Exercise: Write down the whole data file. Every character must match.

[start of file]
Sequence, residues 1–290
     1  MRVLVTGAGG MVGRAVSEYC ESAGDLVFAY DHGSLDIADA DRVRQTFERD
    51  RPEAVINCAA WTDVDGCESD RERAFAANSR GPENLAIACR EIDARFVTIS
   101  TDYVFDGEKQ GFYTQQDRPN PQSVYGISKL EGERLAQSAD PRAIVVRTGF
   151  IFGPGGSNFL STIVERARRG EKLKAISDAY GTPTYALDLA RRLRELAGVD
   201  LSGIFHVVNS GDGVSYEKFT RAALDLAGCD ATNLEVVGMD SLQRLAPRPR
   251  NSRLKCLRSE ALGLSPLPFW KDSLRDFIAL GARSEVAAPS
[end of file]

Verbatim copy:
Sequence, residues 1–290
     1  MRVLVTGAGG MVGRAVSEYC ESAGDLVFAY DHGSLDIADA DRVRQTFERD
    51  RPEAVINCAA WTDVDGCESD RERAFAANSR GPENLAIACR EIDARFVTIS
   101  TDYVFDGEKQ GFYTQQDRPN PQSVYGISKL EGERLAQSAD PRAIVVRTGF
   151  IFGPGGSNFL STIVERARRG EKLKAISDAY GTPTYALDLA RRLRELAGVD
   201  LSGIFHVVNS GDGVSYEKFT RAALDLAGCD ATNLEVVGMD SLQRLAPRPR
   251  NSRLKCLRSE ALGLSPLPFW KDSLRDFIAL GARSEVAAPS